February diary.

 

 

Thursday 23rd

6.45pm Westward Ho! Bridge Club at Trinity Church Hall. 470990

7pm Hartland Aikido Club for over 18s at Bucks Cross Village Hall.

7pm ‘Life Drawing’ sessions at Bideford Arts Centre.

7.30pm N. Devon British Bike Club at Robin’s Nest.

7.30pm Scottish Country Dancing at Westleigh Village Hall. 473801

7.30pm Bideford Folk Club – melodeon player Ollie King at Joiners Arms.

Friday 24th

10am-12pm Community Coffee Morning at School Room, Kingsley Hall, W.Ho! 421274

2-4pm ‘Sew Together’ at Westward Ho! Baptist Church. 01805 622666

2.30-4.30pm Torridge Table Tennis Club at Bideford Youth Centre. 477932

7.30pm Quiz Night for N D Hospice at Appledore Community Hall. 422710

7.45pm Modern Sequence Dancing, Kingsley Hall, W Ho! 01769 540309

8pm Ceilidh Club at Northam Hall.

Saturday 25th

10am Torridge Ramblers day walk. 429080

3pm Bideford AFC v Wimborne Town.

7pm ‘Encore’ in concert at Bucks Cross Village Hall. 429388

Sunday 26th

2-4.30pm ‘Way of the Wharves’ celebration at Pollyfield Centre.

Monday 27th

10am-12pm Appledore Community Art Group at Appledore Community Hall.

1.30-4pm Westward Ho! Art Club at Baptist Church, W.Ho! 477601

6.30pm Yoga & Meditation classes at Chubb/Churchill Community Lounge.

7pm Tai Chi at Bideford High Street Methodist Church Hall. 472532

7.15pm Appledore Singers rehearse at Appledore Baptist Church. 420652

8.30pm N D Jazz Club at Beaver, Appledore – Sandy Suchodolski Trio.

Tuesday 28th

10am-1pm Lavington Church coffee and lunches.

10.30am Walking for Health. 421528

11.45am-12.45pm Tai Chi at Northam Community Hall.

2-3.30pm Salvation Army ‘Fun & Fellowship’ Club at Baptist Church Hall.

2.30pm ‘Lift Off’ at Baptist Church, Westward Ho! 0792 636030

6.30pm Bideford Band Beginners Group at Band Room. 475653

7.30pm Lions Club meet at Royal Hotel.

7.30pm Northam Choral Society rehearse at Northam Methodist Hall.

7.30pm Bideford Camera Club meet at Chubb/Churchill hall. 421391

7.30-9pm Samba Baia Rehearsal at Community Arts Network,13 Rope Walk.

Palladium Club – Jam Night.

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Shipping notes No. 142 (Nov. ’16/ Jan. ’17).

In port – Yelland Quay.

Welsh Piper, 12.12.16 and 17.12.16.

In port – Bideford Quay.

Oldenberg returned to Bideford about the 23rd December, following her annual drydocking at Sharpness.

At Appledore.

Arco Dart, 29.11.16.

Bristol Channel Observations.

21.11.16 at 07.40 vehicle carrier Grande Scandinavia, 18,440 tons d.w., owners Grimaldi Line of Italy, inward bound for Portbury.

25.11.16 at 08.25 bulk carrier Tien Le, 37,904 tons d.w., owners unknown, inward bound for Newport. At 09.30 vehicle carrier Grande Portogallo, 12,594 tons d.w., owners Grimaldi Line of Italy, inward bound for Portbury.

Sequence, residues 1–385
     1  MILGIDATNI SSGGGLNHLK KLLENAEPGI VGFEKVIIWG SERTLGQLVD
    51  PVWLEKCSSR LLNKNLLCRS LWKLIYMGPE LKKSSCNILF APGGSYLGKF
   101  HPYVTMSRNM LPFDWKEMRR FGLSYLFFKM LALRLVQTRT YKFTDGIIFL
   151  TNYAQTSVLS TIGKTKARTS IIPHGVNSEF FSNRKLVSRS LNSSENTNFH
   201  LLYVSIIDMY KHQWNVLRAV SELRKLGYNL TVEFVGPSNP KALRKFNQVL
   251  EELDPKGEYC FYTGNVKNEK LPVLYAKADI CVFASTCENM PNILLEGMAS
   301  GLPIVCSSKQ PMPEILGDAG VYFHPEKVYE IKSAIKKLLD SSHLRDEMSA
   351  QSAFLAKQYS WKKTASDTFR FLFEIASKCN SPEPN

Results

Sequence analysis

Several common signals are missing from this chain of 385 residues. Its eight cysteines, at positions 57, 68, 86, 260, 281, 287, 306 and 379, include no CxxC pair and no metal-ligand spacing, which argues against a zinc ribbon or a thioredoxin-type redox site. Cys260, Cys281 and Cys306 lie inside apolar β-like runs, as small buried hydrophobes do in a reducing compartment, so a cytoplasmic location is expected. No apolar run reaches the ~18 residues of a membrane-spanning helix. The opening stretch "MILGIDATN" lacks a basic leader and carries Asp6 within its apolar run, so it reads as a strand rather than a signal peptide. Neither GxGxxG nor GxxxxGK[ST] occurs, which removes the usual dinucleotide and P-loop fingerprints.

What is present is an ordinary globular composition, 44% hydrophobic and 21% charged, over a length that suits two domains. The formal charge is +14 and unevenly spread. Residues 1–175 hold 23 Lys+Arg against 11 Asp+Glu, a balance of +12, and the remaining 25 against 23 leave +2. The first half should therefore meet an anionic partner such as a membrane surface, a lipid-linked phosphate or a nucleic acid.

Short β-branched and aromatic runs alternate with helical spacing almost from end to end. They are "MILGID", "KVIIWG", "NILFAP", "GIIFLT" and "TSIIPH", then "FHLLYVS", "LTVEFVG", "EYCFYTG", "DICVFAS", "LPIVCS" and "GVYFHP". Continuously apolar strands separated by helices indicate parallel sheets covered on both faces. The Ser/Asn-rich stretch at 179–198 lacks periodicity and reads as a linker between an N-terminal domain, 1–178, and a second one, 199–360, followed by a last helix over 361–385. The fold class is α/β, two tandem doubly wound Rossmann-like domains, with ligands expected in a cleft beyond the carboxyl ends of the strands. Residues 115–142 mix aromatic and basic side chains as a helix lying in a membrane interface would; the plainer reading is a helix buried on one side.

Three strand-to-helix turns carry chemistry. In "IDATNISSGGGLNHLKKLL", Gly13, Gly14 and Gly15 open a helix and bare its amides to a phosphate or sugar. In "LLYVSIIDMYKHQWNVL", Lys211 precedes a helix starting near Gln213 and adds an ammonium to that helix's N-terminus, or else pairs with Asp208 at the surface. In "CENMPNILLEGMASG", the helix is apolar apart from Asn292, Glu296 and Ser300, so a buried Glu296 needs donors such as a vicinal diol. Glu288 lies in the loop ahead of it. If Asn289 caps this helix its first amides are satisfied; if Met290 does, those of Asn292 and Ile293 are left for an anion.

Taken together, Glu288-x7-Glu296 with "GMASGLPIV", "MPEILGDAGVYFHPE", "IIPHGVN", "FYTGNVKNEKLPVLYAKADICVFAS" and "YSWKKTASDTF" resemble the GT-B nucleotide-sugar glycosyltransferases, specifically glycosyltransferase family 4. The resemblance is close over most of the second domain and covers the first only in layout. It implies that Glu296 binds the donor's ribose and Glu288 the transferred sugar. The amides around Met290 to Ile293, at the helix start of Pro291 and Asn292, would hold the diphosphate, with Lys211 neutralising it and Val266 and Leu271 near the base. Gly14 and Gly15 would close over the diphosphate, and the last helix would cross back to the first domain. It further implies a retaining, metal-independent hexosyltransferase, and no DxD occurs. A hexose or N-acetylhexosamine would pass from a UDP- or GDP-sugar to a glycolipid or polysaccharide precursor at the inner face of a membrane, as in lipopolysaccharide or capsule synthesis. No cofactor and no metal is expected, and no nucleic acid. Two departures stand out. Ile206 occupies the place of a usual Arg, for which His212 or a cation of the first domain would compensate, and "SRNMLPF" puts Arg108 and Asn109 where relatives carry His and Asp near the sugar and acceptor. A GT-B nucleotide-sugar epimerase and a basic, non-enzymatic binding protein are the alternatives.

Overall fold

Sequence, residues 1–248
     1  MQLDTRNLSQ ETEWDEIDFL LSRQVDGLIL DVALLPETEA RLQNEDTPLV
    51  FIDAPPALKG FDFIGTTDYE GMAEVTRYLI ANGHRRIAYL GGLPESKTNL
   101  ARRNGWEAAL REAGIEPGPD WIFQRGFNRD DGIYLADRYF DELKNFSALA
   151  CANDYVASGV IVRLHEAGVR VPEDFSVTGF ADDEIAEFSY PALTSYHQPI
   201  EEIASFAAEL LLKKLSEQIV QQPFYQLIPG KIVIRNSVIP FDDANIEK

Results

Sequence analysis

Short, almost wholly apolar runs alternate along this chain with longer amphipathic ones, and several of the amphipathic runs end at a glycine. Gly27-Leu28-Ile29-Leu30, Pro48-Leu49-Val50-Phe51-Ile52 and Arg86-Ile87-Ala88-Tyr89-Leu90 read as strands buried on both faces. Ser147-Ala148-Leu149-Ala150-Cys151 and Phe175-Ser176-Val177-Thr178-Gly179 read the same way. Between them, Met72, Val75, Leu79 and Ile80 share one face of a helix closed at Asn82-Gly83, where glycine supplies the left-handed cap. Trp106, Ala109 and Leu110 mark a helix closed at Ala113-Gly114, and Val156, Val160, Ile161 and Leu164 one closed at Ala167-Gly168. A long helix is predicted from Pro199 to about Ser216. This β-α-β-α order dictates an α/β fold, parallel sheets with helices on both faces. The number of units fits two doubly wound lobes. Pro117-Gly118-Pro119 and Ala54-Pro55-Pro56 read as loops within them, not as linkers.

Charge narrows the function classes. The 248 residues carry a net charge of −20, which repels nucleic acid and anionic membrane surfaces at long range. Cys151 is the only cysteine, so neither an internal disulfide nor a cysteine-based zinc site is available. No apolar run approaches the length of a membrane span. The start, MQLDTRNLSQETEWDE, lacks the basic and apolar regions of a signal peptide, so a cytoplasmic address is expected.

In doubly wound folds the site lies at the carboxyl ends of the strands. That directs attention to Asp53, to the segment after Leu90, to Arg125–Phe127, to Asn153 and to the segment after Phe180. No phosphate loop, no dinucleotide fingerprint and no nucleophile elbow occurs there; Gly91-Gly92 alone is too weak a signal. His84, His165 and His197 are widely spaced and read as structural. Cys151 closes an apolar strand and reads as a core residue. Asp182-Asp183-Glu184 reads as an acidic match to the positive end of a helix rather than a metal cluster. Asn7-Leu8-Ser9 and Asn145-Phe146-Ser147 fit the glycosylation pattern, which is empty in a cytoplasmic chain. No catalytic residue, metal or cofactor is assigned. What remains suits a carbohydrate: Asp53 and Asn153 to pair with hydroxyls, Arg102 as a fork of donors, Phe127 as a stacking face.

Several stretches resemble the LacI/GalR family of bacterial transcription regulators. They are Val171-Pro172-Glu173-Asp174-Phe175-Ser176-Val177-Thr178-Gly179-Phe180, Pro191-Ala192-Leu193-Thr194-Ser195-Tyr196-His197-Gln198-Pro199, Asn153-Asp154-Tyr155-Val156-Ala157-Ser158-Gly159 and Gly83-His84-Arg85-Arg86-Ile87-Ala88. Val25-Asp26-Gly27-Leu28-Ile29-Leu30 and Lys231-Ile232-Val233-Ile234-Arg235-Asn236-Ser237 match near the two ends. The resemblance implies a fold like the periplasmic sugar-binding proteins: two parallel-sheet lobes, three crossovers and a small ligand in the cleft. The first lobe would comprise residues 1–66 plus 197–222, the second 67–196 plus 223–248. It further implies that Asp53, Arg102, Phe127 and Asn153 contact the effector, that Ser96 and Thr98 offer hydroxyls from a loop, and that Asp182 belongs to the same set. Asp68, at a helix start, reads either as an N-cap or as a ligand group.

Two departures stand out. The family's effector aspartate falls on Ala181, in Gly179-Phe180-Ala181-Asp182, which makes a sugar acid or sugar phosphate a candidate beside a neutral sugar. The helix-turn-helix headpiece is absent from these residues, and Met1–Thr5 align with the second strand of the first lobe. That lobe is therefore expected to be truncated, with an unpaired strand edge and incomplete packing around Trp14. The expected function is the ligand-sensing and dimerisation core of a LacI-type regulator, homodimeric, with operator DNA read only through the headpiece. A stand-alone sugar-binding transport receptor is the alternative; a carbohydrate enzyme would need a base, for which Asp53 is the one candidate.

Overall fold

26.11.16 at 10.50 cargo vessel Paulin B, 2,300 tons d.w., owners unknown, outward bound from Birdport, having sailed at 04.04.

29.11.16 at 08.28 cargo vessel Kastor, 3,671 tons d.w., owners Argonauten Holding GMBH Germany, inward bound for Avonmouth.

30.11.16 at 10.23 container vessel MSC Korini, 48,244 tons d.w., owners Mediterranean Shipping Co. SA Switzerland, outward bound from Portbury having sailed at 05.28. At 10.25 cargo vessel Helsinki, 4,211 tons d.w., owners Helsinki Vertom Bojeb Germany, inward bound for Cardiff.

3.12.16 at 14.54 cargo vessel Arklow Racer, 4,993 tons d.w., owners Invermore Shipping Ltd Eire, inward bound for Newport.

4.12.16 at 12.35 cargo vessel Moena , owners unknown, inward bound for Avonmouth. At 1346 vehicle carrier Castor Leader, 21,186 tons d.w., owners Longevity Matitime SA Tokyo (in the colours of Nippon Yusen Kaisha of Japan), inward bound for Portbury. At 12.00 the buoy tender vessel Galetea, 900 tons d.w., owners Trinity House of London, sailed from Bideford Bay.

14.12.16 at 12.16 cargo vessel RMS Laar, 2,305 tons d.w., owners Rhein Maas Und See- Schiffahrtskkontor GMBH Germany, inward bound for Sharpness.

16.12.16 at 15.32 vehicle carrier CSCC Shanghai, 12,300 tons d.w., owners China Ocean Shipping (Group) China, inward bound for Portbury.

28.12.16 at 11.45 vehicle carrier Victory Leader, 13,343 tons d.w., owners Nippon Yusen Kaisha of Japan, outward bound from Portbury having sailed at 07.40. At 11.45 cargo vessel SWE Freighter, 4,537 tons d.w., owners Sneekerdiep 11 BV Cyprus, inward bound for Avonmouth. At 12.13 cargo vessel Fluvius Axe, 3,193 tons d.w., owners Fluvius Axe Ltd Crediton, inward bound for Birdport.

1.1.17 at 10.45 cargo vessel Wilson Hobco, 4,338 tons d.w., owners Bremer Lloyd Germany, inward bound for Avonmouth.

2.1.17 at 09.43 vehicle carrier Dalien Highway, 21,616 tons d.w., owners Kawasaki Kisen K of Japan, inward bound for Portbury. At 11.45 vehicle carrier Grande Ellade, 18,440 tons d.w., owners Grimaldi Line of Italy, inward bound for Portbury. At 11.00 container vessel MSC Koroni, 48,244 tons d.w, owners Mediterranean Shipping of Switzerland, outward bound from Portbury having sailed at 06.29. At 14.59 vehicle carrier Bess, 18,013 tons d.w., owners Wallenius Wilhelmsen Norway and Sweden, inward bound for Portbury.

3.1.17 at 09.25 bulk carrier Andermatt, 20,002 tons d.w., owners Massmariner SA Switzerland, bound for Newport. At 1703 Dalian Highway seen again outward bound from Portbury, having sailed at 12.28.

Regards,

Norman.

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Plough Theatre – February events.

9 – 11 Fore Street

Great Torrington

EX38 8HQ

www.theploughartscentre.org.uk

Listings – February 2017

Box Office: 01805 624624

 

Thursday 23.

Film

A Plastic Ocean (nc) – 8pm.

Friday 24.

Film

La La Land (12A) – 5pm.

Friday 24.

Film

La La Land (12A) – 8pm.

Saturday 25.

Workshop

Decoupage with Teena Wright – 10am – 1pm.

Saturday 25.

Blues

Giles Robson and His Band – 8pm.

Sunday 26.